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Kilough teacher of the year connects with students
I-Kilough Teacher of the Year pic
Hillary Mullinax and her husband Brandon - photo by For the Dawson County News

Kilough Elementary School teacher of the year Hillary Mullinax found her calling in an after school program.

The teacher who began as a pre-med major while at the University of North Georgia was working in a daycare center helping students with homework.

"Working as the homework teacher in that after school program opened my eyes to the spark that teachers see every day," Mullinax said. "My major was switched to education quickly after that."

While at North Georgia, she was placed at Kilough for field work and says that the school shaped her in so many ways.

"Little did I know then that this school and its teachers would become part of my family," she said. "I have modeled myself after many of them and learned so many valuable lessons from them."

According to Kilough Principal Tracey Compton, Mullinax has become a model for her peers as well.

"Hillary Mullinax is an amazing teacher," Compton said. "She maintains a wealth of knowledge in curriculum, assessment and best practices. She serves as a role model and mentor to fellow teachers."

It is not only the relationships with other teachers that earned her the teacher of the year distinction, but also her connection with students. She does that by discovering common interests and she works diligently to find that with each student she has.

"Even students that are not interested in you or school whatsoever, love something that you can learn about and bond over. You may not know anything about Minecraft, but if a student in your room loves it, then you need to learn everything about it and love it too so that you can form that bond," she said.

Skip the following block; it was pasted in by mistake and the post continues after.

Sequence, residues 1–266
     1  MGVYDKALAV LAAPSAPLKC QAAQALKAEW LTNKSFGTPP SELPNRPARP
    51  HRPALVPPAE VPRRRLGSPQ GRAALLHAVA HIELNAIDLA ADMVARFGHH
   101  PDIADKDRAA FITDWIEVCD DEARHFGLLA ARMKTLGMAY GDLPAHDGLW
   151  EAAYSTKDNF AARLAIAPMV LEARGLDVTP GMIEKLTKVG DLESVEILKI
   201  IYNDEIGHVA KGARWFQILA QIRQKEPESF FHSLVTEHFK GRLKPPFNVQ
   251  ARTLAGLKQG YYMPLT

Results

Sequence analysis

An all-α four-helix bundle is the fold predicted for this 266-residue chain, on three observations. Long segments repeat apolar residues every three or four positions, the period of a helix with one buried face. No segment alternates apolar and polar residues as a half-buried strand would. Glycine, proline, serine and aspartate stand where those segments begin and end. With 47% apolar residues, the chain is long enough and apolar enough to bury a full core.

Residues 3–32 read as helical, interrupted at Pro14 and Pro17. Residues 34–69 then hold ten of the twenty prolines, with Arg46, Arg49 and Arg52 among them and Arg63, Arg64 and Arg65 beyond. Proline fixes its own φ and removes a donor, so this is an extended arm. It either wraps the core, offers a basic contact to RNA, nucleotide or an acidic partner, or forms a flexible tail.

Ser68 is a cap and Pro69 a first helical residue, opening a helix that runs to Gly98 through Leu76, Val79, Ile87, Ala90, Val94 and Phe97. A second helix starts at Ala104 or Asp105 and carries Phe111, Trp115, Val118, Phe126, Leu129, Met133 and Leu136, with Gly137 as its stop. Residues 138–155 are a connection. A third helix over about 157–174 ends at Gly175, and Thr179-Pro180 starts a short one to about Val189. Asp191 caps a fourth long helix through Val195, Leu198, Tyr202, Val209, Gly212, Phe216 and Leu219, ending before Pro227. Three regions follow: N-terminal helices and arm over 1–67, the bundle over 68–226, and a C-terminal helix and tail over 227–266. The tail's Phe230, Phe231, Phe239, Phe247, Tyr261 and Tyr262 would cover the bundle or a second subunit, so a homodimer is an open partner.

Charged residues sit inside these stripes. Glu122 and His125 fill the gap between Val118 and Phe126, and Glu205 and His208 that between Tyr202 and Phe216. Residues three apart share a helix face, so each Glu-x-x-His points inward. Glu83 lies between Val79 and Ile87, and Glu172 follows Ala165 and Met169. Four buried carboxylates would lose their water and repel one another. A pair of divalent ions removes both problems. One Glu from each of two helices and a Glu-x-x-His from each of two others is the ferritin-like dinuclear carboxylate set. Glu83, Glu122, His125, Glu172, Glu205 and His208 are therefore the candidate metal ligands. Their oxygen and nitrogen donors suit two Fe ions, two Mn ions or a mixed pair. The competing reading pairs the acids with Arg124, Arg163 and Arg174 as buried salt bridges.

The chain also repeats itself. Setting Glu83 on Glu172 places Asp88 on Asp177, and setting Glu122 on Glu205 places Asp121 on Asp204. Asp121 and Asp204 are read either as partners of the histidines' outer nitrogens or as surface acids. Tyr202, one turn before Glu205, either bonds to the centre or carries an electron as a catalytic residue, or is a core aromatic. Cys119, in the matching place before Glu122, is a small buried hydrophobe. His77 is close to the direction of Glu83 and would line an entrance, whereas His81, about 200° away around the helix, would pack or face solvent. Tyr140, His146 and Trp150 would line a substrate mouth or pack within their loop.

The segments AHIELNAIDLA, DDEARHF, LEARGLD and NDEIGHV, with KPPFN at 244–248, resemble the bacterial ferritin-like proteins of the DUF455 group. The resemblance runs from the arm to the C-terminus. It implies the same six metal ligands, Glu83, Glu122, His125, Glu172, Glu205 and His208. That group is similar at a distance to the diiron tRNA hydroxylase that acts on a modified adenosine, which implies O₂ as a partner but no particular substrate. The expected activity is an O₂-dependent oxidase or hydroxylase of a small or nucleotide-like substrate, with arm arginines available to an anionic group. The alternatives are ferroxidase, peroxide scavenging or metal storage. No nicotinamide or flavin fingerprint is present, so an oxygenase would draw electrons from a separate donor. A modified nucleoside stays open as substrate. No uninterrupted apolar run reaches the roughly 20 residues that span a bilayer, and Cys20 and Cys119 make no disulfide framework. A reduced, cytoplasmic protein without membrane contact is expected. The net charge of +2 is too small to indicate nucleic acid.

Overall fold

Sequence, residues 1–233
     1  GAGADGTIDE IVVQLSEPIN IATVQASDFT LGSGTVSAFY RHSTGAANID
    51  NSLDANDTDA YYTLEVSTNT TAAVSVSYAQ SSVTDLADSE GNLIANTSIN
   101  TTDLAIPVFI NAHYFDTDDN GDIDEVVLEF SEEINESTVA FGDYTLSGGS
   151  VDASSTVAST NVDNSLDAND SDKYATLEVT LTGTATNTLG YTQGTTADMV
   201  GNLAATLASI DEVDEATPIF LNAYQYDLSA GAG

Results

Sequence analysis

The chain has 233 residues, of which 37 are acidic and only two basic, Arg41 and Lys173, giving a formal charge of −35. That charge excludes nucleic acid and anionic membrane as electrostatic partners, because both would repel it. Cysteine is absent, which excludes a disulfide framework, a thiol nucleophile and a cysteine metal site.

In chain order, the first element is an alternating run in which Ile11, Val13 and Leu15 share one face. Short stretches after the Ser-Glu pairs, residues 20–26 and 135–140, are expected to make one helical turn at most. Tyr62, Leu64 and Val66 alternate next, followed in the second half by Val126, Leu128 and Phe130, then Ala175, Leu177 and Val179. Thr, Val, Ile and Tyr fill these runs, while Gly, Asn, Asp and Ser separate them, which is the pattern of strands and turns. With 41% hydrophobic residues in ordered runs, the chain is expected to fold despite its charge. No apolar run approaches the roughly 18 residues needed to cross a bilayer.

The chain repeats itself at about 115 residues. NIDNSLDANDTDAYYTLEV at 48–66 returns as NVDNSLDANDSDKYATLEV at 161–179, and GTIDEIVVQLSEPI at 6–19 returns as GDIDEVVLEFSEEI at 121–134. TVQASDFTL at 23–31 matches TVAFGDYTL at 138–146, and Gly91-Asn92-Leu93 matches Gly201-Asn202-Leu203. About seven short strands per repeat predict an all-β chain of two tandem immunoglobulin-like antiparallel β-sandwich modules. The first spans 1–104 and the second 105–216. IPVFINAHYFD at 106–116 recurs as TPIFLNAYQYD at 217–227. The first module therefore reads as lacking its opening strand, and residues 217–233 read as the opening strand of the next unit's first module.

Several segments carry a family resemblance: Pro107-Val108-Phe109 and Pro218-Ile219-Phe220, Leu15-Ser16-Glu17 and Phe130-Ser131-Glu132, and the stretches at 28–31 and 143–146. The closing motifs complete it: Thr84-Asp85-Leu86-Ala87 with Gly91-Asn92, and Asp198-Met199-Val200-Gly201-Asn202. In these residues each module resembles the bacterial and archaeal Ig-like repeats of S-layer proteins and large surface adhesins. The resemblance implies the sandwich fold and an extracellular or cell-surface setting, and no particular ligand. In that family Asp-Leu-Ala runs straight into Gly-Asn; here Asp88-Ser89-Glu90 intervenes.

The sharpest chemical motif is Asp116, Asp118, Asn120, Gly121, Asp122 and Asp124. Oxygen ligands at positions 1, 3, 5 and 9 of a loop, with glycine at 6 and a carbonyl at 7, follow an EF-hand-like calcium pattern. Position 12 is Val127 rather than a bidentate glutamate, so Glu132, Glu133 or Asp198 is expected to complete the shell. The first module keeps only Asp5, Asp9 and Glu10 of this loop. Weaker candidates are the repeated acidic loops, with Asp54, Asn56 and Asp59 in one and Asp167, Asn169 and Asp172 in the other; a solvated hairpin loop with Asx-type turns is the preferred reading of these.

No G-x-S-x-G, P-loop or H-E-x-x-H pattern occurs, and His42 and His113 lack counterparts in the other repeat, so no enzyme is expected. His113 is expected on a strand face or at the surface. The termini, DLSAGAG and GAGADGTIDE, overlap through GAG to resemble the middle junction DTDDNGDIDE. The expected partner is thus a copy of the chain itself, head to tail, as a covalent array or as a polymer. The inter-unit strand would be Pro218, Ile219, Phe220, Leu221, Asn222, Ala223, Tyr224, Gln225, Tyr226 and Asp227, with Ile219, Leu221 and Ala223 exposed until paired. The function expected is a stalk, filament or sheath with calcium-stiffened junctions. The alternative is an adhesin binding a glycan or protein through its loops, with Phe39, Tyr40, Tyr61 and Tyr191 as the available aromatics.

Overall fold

It is clear that Mullinax loves her students and the feeling is mutual. When she through the hallways of the school, it's like a celebrity going by.

The students are what she loves most about what she does.

"They are hilarious, and I laugh a lot because of the things they say and come up with," Mullinax said. "I had a student tell me one time that she goes blind when she closes her eyes, but I shouldn't worry because it goes away when she opens them. Where else can you hear stuff like that every day. I love it."

That kind of encouragement helps offset challenges, like the changes in requirements or regulations or the parts of a student's life that teachers aren't able to "fix."

"We are fixers by nature, and it's difficult not to be able to swoop in and fix a student's situation. Yet, we are held accountable if that student does not succeed," she said. "They are with us the majority of their daily lives, yet we can control only a tiny fraction of what they endure in life. It's really hard sometimes."

She is in her 10th year at the school and was recently named academic coach and Title I coordinator, but the move wasn't necessarily an easy decision.

"Education is where it's at for me," Mullinax said. "I cannot see myself doing anything else in life. It's my passion, my calling and I love doing what I do.

"Moving out of the classroom this year was a bittersweet change for me as I really do miss my class and being with them every day. However, in my current role, I get to see education from a broader perspective and that has been an enjoyable task."

"Her current role, as Title I Instructional Coach allows her to have access to all staff, work inside classrooms with teachers, research and provide timely interventions and model best practices," Compton added.

Mullinax also earned a master's degree in early childhood education from North Georgia. She has two specialist degrees in curriculum and instruction from Lincoln Memorial University and educational leadership from Liberty University as well.

When Mullinax is away from the classroom, she travels as much as possible with her husband. That, however, may also be changing. The two are planning for the arrival of their son who is due in a couple of weeks.

Editor's Note: This is the second in a series of profiles on Dawson County teachers who were named teacher of the year in their respective schools. Look for next week's feature on Black's Mill Elementary second grade teacher Linda Sperin.